Two Democrats and one Republican crossed their parties in the House on Wednesday in a vote to suspend the country’s debt limit, as tensions run high on both sides of the aisle with less than a month to go until the nation is expected to default on its debt.
Reps. Kurt SchraderWalter (Kurt) Kurt SchraderDemocrats scramble to satisfy disparate members on spending package WHIP LIST: How House Democrats say they’ll vote on infrastructure bill GOP ramps up pressure on vulnerable Democrats in spending fight MORE (D-Ore.) and Jared GoldenJared GoldenWHIP LIST: How House Democrats say they’ll vote on infrastructure bill Paper industry, drugmakers spar over requirement to print prescribing information Intercept bureau chief: Democrats dropping support of Medicare for All could threaten bill’s momentum MORE (D-Maine) bucked party lines on Wednesday afternoon when they joined Republicans in voting “no” on legislation to suspend the nation’s debt limit.
And on the opposite side of the aisle, Rep. Adam KinzingerAdam Daniel KinzingerCheney allies flock to her defense against Trump challenge The Memo: Trump’s Arizona embarrassment sharpens questions for GOP The Hill’s Morning Report – Presented by Alibaba – Democrats argue price before policy amid scramble MORE (Ill.) was the only Republican to vote to send the measure to the Senate.
The legislation, which advanced by a razor-thin 219-212 vote, also faces shaky odds in the Senate, as GOP leadership has urged its members to tank the measure in the upper chamber.
Earlier this week, Treasury Secretary Janet YellenJanet Louise YellenSchumer: Dems ‘cannot and will not’ raise debt ceiling through reconciliation Alabama governor pushes back on criticism for using COVID-19 funds to build prisons The Hill’s Morning Report – Presented by Alibaba – Progressives ready to tank infrastructure bill MORE warned congressional leaders of both parties that Congress has until Oct. 18 to raise or suspend the debt limit before the nation is expected to default on the national debt.
But Republican leadership has been calling on their members to vote against raising the debt ceiling amid a high-stakes standoff with Democrats. The push by Republicans comes in opposition to a multitrillion-dollar social safety net package the party aims to pass using reconciliation, a procedure that will allow them to bypass the Senate GOP filibuster.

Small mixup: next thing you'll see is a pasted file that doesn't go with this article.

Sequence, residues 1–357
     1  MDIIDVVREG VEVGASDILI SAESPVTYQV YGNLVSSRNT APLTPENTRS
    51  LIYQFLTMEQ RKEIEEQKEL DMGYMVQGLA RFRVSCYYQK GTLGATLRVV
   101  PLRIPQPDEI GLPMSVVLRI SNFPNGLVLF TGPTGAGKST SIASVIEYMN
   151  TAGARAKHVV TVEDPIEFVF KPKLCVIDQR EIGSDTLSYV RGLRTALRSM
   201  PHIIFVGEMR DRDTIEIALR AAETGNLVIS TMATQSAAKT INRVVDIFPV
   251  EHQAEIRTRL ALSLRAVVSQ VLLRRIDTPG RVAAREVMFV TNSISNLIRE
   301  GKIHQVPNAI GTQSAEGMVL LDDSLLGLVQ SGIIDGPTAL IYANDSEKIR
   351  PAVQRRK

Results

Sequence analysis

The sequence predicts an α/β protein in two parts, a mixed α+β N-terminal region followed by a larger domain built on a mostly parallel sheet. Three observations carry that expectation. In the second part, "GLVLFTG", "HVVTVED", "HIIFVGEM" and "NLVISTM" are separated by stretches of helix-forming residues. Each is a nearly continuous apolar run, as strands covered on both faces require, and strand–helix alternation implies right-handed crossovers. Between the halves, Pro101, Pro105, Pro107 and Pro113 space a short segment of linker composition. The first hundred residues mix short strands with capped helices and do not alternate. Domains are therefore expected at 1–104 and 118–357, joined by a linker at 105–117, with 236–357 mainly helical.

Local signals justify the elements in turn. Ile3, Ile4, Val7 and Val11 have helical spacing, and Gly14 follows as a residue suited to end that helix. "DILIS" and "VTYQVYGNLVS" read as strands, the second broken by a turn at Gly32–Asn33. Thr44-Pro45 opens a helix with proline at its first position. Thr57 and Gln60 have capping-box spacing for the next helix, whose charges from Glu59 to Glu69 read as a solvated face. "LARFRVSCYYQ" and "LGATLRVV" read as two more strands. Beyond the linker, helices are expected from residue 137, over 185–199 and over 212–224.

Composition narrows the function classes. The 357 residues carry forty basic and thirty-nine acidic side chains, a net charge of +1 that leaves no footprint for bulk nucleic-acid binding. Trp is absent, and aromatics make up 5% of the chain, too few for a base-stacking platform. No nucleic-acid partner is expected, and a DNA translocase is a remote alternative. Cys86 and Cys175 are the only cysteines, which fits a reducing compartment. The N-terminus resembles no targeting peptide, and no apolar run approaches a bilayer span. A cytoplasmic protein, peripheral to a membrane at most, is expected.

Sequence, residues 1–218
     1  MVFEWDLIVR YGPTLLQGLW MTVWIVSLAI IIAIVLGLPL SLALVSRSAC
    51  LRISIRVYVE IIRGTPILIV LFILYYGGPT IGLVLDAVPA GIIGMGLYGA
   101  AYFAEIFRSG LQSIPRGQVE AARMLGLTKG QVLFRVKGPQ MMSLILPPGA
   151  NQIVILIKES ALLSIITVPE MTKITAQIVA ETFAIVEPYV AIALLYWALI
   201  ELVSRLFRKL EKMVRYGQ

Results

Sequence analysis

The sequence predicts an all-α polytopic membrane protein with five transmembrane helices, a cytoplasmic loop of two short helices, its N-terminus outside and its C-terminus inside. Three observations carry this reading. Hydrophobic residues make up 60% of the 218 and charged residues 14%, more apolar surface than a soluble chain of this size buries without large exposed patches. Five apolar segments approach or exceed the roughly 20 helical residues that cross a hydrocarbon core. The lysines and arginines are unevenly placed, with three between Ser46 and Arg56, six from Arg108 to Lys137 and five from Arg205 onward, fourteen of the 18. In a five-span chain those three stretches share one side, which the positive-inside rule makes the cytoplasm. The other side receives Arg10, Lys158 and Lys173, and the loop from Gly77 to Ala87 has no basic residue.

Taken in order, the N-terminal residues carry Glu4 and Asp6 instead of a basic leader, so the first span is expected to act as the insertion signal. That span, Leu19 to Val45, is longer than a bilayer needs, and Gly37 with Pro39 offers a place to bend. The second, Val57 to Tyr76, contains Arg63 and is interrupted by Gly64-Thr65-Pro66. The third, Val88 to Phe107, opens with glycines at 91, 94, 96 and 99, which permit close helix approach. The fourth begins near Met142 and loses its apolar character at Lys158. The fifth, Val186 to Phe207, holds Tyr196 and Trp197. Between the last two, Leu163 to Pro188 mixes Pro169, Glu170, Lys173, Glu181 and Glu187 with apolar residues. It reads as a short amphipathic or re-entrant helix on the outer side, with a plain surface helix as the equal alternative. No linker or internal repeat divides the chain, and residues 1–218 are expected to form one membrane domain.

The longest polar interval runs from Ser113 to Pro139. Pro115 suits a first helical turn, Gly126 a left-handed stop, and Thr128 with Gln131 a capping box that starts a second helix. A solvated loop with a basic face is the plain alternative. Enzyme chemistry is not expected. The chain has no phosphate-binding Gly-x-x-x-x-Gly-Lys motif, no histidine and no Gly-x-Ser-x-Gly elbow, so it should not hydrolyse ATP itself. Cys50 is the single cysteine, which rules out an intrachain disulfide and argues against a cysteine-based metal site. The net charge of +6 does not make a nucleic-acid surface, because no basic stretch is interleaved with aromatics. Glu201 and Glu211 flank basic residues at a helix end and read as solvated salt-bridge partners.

Republicans want Democrats to address the debt limit themselves by using that same process. But disagreements remain between party leaders over how much time the maneuver could take ahead of the looming deadline, and Democratic leaders have called it a non-starter.
In recent days, Democrats have also tried to tackle the debt limit through a continuing resolution to fund the government ahead of a Thursday deadline to avert a shutdown. But Senate Republicans blocked an effort by Democrats to do just that earlier this week.
Republicans are similarly expected to block the legislation advanced by the House on Wednesday, which would suspend the nation’s debt limit until the end of next year.
The likely outcome appeared to be a source of contention for a small group of moderates who threatened to vote against the bill on Wednesday, citing concerns that the vote would just be for show.
But Speaker Nancy PelosiNancy PelosiWoman who said she hoped to shoot Pelosi on Jan. 6 pleads guilty to misdemeanor Budowsky: House Dems should back Pelosi, here’s why The Hill’s Morning Report – Presented by Alibaba – Progressives ready to tank infrastructure bill MORE (D-Calif.) scolded moderates who threatened to vote against the bill hours before the vote.
“I’ve never seen Pelosi more impassioned as she demanded unity on the debt ceiling vote — essentially shaming those who might take it down,” one moderate who was present at the time said.
The Hill has reached out to offices of the lawmakers who voted against their parties for comment.